Emmanuel Mysterious

Facebooktwittergoogle_plusredditpinterestlinkedinmailFacebooktwittergoogle_plusredditpinterestlinkedinmail

erin thomas -emmanuel mysterious-3By Erin Thomas | Twitter: @erinthomas_123

We’ve just finished living through the cold season of winter, culminating in the incarnation of spring and with it the reminder that God’s immanent presence renews us and restores us.

At least the arbitrary numbered square on the calendar tells me it is supposed to be spring. The outdoor thermometer reads -26Cº on Easter morning, the first day of April. Sadly it is not an April Fool’s Day joke. After only one and a half hours of sleep, I rally my system, attend Easter services, return home, bundle up, and trek out into the wilderness for a long afternoon snowshoe.

In the woods of northern Alberta in these harsh winter-and-now-spring months, I see little wildlife (and certainly no greening plants or trees). The bears have not yet emerged for the season, and the only spirit that seems at all present is absence. The hum of spring, summer, and autumn is void, not moving at all over the waters. Any water is frozen and still. Only the wind howls across the landscape, swirling snow and shrieking past barren trees.

And I wonder: Does God hide away from me on purpose?

In my world where the Immanent God is Ever-Present, Ever-Close, Ever-Faithful, and Ever-Surrounding-Me either in the form of Jesus or in the form of Spirit, does God need to dodge me now and then? Am I so reliant on God’s availability and steadfastness that I am unable to be aware of God’s Mystery?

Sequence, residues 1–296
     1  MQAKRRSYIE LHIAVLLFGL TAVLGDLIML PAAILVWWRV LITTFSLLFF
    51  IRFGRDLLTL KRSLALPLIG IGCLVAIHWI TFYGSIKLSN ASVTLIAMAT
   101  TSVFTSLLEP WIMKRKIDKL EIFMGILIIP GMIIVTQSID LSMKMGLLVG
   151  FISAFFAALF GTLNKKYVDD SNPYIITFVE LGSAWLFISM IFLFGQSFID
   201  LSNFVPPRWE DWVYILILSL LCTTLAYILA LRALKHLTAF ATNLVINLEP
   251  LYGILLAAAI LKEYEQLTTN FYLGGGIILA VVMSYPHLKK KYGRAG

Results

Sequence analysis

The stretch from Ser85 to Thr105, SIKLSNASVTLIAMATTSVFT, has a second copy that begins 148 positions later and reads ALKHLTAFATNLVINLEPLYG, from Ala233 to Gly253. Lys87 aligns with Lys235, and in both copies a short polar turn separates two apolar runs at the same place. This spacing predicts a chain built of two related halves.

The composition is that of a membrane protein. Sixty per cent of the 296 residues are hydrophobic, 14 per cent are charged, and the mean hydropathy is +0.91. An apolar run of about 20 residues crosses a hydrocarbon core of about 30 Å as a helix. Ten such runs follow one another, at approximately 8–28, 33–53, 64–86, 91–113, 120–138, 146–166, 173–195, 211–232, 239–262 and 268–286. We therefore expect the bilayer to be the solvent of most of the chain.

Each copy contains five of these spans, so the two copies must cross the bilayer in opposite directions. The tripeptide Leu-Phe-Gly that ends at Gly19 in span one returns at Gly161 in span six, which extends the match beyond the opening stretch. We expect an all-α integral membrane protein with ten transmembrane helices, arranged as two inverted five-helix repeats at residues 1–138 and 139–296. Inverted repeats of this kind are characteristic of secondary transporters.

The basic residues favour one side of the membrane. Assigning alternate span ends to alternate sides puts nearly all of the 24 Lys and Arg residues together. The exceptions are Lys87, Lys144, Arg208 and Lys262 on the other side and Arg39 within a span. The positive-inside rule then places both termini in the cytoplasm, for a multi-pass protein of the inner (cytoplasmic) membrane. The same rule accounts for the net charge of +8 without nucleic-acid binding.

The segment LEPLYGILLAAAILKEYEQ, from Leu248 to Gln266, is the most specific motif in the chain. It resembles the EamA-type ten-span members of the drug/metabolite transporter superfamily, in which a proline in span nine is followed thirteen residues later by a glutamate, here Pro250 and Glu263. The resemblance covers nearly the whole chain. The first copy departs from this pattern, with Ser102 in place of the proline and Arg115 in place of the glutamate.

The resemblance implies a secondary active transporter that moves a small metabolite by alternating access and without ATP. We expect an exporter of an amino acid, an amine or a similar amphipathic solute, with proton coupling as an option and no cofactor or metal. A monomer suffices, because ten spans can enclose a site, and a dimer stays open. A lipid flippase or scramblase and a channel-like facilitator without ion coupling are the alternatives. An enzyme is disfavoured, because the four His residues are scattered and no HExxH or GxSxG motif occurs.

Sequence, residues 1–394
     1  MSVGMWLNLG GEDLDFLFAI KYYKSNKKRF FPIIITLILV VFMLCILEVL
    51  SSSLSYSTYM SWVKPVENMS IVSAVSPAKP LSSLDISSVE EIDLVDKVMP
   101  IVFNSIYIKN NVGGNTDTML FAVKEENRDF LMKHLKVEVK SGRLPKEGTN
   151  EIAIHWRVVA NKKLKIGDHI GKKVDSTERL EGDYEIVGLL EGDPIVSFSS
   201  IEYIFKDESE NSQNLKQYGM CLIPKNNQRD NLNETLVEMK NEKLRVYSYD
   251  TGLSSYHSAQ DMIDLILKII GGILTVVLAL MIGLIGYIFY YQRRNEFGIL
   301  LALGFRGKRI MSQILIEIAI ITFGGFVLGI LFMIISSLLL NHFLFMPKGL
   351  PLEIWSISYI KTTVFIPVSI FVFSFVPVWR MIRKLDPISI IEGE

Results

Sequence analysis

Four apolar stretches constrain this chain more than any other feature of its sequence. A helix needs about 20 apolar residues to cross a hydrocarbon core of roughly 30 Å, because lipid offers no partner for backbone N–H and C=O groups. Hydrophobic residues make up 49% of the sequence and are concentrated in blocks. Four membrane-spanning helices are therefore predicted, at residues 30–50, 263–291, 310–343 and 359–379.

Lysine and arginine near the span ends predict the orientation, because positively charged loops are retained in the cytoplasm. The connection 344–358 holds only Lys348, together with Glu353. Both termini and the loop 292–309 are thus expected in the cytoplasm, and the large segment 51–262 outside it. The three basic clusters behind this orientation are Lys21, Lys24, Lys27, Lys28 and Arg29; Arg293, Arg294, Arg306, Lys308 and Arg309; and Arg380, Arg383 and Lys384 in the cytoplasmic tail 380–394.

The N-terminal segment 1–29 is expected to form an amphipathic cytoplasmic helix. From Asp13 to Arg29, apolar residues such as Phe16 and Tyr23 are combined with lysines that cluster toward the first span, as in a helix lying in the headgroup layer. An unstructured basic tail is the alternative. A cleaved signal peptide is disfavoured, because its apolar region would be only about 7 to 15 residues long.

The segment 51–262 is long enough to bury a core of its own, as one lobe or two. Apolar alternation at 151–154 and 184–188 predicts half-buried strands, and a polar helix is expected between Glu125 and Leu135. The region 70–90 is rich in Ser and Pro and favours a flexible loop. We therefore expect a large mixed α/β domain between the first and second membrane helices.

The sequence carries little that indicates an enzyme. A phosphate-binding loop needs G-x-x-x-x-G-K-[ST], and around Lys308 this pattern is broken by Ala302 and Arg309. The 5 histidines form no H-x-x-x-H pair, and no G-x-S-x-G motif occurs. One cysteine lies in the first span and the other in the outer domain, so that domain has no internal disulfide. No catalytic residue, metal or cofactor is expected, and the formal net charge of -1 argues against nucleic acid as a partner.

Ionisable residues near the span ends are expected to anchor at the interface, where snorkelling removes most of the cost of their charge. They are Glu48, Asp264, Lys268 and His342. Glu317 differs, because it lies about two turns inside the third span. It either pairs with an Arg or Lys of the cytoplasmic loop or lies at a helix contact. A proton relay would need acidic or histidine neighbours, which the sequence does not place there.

My whole life, as it was for many of us, I was taught about the need to ask Jesus to come into my heart; to claim the promises of Jesus; to be covered under the blood of Jesus. Without this acceptance of the Immanent God there was no hope for my soul.

But what if there is hope?

The snow crunches smartly beneath my snowshoes as I carry on. If I slow down my pace, I see signs of life—moose, deer, coyote, mice, and rabbit. If I listen, I hear pine and evening grosbeaks, chickadees, blue jays, and woodpeckers. Life is teeming here, but it is hidden away from my sight, from my lived experience.

I shudder to think of God shrinking away from me, hibernating, or remaining in the shadows. I want my God to be available to me round the clock. In my weakness, anxiety, and fear, I need my God to be always present to my cries and joys. In my desire for relationship, I ache for my God to be the perfect, attentive partner.

But God is all Immanent.

God is Mystery.

God is hidden.

I learn to grow in any relationship—learning about myself, the other person, and the energy between us. How healthy of me is it to assume that God will function as my Immanent One all the time? If God is Mystery as well as Presence, would it not make sense that I would need to come to know this aspect of God? I’ll never understand it fully, of course. Mystery never can be, which is part of Mystery’s delight.